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Calcium Modulation of Adiposity: Can an Extra Glass of Milk a Day Reduce Your Risk of Obesity?

Abstract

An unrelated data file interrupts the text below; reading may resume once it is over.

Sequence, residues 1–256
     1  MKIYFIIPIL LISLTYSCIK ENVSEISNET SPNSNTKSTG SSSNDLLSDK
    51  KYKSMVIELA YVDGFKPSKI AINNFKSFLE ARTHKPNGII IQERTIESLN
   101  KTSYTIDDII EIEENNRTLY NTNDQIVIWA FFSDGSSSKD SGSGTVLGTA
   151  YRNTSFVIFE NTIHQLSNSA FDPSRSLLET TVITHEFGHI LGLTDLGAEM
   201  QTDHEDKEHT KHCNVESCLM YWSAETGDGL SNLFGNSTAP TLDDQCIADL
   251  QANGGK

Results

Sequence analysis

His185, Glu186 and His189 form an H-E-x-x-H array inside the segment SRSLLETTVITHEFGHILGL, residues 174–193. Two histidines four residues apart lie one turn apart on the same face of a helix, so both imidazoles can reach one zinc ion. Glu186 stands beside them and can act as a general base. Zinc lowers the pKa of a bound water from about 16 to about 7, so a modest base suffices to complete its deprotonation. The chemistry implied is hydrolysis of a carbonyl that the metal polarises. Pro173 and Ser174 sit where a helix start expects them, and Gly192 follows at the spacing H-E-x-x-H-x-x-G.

Obesity is an increasingly common health issue in developed and developing countries. There is a growing body of evidence linking high dietary calcium and dairy products with low adiposity. In the CARDIA study, Pereira et al. compared the lowest to highest quintile of calcium consumption and found the incidence of obesity reduced by 18.7% (P<0.001). Other researchers have found comparable results. Controlled trials of high calcium diets have had mixed results. In a longitudinal study of young girls, Phillips et al. found no relationship between dietary calcium or dairy products and BMI. Other studies by Zemel have found significant benefits in weight loss from diets high in calcium and in dairy. In a study of 32 obese women on an energy deficient diet, those in the high calcium and high dairy groups lost 38% and 64% more fat, and specifically more truncal fat than did women in the low calcium diet. Calcium’s modulation of adiposity appears to act through down regulating PTH and Vitamin D which have been shown to be lipogenic. Certain dangers are associated with high levels of calcium. However, most people in the US are not getting sufficient calcium, and therapeutic levels of calcium do not approach the upper limit of safety. Physicians should feel comfortable recommending that a patient increase his or her consumption of a low-fat dairy product, or use supplements to achieve the AI of calcium to reduce the risk of osteoporosis, and to enhance the weight loss achieved with a low-calorie diet and exercise.

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